No Libya deal in Moscow, all eyes on Berlin nowEuropost
Libya's eastern strongman General Khalifa Haftar has left Moscow without signing a ceasefire agreement to end nine months of fighting in the country, the Russian foreign ministry confirmed to AFP on Tuesday. Haftar on Monday evening asked for until Tuesday morning to look over the agreement already signed by the head of UN-recognised government Fayez al-Sarraj, but left the Russian capital without signing, Russia’s foreign ministry spokeswoman Maria Zakharova said.
The two delegations from Libya on Monday spent seven hours in an attempt to sign a deal outlining the terms of a permanent truce in Libya, following a ceasefire that took effect over the weekend.
Mediated by Russian and Turkish foreign and defence ministers, the talks did not include the warring sides meeting face to face, but Moscow said there was “progress” and that Haftar viewed the ceasefire document “positively”. Russian state media citing Libyan sources later said however that his plane departed Russia after a failure to reach a permanent agreement, leaving the fragile truce in uncertainty.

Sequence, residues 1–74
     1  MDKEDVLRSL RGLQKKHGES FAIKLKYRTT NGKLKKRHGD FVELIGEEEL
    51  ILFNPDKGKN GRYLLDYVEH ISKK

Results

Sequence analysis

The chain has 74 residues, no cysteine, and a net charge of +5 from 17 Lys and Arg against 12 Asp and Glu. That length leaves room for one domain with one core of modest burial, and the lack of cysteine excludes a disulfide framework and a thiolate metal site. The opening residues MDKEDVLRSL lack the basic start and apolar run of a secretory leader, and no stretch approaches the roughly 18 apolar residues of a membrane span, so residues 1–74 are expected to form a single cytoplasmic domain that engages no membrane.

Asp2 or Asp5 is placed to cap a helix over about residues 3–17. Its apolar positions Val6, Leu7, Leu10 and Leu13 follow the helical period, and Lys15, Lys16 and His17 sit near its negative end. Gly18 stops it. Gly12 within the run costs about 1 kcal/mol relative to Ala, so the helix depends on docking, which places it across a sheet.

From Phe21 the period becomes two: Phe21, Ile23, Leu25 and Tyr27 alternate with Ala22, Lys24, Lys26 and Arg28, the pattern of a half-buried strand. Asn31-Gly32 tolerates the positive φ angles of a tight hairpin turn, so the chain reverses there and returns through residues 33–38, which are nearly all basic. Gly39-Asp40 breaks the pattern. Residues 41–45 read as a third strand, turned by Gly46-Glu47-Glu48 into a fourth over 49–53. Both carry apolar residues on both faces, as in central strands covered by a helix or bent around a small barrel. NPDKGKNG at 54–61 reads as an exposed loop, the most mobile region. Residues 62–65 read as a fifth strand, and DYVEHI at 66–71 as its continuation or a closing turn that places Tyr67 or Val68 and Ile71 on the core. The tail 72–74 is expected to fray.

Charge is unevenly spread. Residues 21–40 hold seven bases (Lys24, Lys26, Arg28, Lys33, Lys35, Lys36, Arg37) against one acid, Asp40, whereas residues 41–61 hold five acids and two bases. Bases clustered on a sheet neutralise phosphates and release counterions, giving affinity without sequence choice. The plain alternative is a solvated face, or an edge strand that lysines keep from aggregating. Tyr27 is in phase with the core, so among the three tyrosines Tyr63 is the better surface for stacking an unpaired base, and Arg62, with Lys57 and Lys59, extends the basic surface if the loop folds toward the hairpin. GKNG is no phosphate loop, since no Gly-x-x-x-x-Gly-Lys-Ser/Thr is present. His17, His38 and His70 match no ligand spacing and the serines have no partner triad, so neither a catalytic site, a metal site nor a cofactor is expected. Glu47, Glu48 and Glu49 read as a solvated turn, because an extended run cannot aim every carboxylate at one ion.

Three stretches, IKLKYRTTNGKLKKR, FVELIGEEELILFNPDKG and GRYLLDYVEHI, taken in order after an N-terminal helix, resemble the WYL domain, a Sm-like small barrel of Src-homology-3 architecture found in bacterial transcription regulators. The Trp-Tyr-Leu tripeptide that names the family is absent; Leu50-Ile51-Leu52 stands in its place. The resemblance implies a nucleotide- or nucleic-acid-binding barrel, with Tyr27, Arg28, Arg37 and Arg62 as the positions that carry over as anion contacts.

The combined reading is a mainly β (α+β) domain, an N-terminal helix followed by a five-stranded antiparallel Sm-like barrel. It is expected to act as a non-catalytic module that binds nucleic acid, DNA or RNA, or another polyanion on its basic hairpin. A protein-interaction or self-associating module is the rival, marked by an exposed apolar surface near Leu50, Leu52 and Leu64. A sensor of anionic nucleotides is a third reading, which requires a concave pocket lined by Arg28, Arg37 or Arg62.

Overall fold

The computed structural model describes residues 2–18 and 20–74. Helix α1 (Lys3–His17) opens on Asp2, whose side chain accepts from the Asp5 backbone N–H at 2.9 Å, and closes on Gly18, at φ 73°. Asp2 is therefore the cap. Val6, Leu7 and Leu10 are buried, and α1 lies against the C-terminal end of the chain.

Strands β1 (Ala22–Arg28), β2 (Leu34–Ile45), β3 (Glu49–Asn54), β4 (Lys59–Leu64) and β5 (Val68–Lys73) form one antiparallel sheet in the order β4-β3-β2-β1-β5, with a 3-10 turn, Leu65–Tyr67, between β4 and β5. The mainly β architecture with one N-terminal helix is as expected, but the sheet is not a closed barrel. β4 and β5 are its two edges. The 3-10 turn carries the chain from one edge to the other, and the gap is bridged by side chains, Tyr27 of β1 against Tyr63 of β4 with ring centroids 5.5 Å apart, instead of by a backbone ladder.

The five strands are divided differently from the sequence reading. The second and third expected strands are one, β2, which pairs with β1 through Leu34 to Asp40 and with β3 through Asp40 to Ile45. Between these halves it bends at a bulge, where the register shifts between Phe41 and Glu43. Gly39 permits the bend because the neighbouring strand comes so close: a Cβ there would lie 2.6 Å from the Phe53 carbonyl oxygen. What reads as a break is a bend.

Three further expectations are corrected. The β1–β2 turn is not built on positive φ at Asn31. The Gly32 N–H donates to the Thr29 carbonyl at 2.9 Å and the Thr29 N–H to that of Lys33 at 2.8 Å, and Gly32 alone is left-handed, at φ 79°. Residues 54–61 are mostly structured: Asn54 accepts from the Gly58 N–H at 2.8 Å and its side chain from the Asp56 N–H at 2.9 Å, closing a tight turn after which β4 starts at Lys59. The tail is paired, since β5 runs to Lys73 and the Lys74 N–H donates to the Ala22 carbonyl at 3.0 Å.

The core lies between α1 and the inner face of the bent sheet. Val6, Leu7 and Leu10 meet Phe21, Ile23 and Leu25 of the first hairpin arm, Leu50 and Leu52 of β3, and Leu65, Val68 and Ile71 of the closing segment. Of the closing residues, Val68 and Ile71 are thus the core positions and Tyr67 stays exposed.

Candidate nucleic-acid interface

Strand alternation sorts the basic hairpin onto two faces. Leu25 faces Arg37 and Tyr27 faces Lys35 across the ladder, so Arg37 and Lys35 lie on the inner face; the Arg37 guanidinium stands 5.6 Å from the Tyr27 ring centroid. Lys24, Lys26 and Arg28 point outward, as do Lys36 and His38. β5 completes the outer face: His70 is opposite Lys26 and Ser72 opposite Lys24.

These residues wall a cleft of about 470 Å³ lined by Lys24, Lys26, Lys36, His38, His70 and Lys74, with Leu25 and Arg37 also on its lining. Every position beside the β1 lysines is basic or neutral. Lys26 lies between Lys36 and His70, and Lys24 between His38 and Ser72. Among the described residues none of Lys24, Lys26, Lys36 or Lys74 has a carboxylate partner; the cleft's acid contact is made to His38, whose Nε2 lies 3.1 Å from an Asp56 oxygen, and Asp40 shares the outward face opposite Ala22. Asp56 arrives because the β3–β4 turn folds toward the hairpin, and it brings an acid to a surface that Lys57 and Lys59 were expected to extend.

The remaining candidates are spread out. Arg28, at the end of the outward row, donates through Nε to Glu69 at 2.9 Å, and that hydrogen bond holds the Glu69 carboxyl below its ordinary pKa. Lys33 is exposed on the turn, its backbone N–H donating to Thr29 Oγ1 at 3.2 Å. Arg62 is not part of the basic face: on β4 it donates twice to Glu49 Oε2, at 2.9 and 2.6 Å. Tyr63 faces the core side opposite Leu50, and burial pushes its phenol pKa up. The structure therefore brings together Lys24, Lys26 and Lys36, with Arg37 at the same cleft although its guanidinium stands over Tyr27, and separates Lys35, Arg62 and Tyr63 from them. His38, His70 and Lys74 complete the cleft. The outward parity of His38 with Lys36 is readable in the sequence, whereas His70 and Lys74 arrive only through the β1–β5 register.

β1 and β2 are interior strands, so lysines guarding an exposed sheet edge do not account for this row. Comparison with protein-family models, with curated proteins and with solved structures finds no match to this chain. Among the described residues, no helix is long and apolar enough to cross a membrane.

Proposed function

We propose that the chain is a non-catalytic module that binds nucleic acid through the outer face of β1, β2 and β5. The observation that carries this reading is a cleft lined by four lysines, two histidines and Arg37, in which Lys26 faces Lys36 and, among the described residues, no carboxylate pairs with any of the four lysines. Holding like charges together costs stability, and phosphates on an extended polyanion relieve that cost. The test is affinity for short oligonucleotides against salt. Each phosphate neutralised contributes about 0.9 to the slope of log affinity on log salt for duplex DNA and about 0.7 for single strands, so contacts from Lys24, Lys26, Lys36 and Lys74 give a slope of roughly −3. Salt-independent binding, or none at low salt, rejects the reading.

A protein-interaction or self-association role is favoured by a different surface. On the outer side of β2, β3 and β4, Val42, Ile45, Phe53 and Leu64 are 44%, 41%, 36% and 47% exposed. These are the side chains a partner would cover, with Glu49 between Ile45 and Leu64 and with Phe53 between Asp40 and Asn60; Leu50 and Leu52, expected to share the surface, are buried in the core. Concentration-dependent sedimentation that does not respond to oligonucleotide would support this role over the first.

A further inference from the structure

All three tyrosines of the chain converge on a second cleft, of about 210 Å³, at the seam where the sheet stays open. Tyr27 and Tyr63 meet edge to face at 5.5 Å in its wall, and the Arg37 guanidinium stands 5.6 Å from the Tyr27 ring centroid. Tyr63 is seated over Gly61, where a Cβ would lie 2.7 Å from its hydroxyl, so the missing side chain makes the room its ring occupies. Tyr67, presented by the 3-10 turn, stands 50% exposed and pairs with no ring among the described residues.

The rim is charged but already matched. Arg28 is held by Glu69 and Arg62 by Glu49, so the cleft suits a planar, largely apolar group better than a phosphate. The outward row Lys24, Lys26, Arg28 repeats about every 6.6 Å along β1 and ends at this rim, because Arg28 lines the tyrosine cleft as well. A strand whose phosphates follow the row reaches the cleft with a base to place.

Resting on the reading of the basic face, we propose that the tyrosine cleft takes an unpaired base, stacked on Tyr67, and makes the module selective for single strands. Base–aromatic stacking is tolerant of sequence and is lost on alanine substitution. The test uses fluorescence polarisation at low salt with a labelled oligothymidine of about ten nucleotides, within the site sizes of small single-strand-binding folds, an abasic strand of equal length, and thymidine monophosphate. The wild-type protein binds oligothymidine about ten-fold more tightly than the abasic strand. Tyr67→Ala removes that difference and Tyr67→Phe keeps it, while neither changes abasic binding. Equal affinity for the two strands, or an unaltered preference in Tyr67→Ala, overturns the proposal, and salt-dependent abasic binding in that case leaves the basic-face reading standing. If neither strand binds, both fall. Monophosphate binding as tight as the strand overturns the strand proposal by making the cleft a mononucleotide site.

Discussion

Turkish President Recep Tayyip Erdogan said on Tuesday he would “teach a lesson” to Libyan strongman Khalifa Haftar if he resumed fighting after abandoning ceasefire talks in Moscow. “We will not hesitate to teach a deserved lesson to the putschist Haftar if he continues his attacks on the country’s legitimate administration and our brothers in Libya,” Erdogan told a meeting of his party in Ankara in a televised speech.
He said the issue would now be discussed at talks in Berlin on Sunday attended by European, North African and Middle Eastern countries, as well as the UN, EU, Africa Union and Arab League.
Visiting Cairo on Tuesday Italian PM Giuseppe Conte confirmed that the Berlin conference on Libya "will take place next Sunday unless something unexpected happens". "The invitation from Chancellor (Angela) Merkel has just arrived," he added. "The fact that the agreement was not signed, that the Haftar side did not sign it, should not distract us," Conte noted. He did not rule out the deployment of Italian troops in Libya but only with a clear mandate.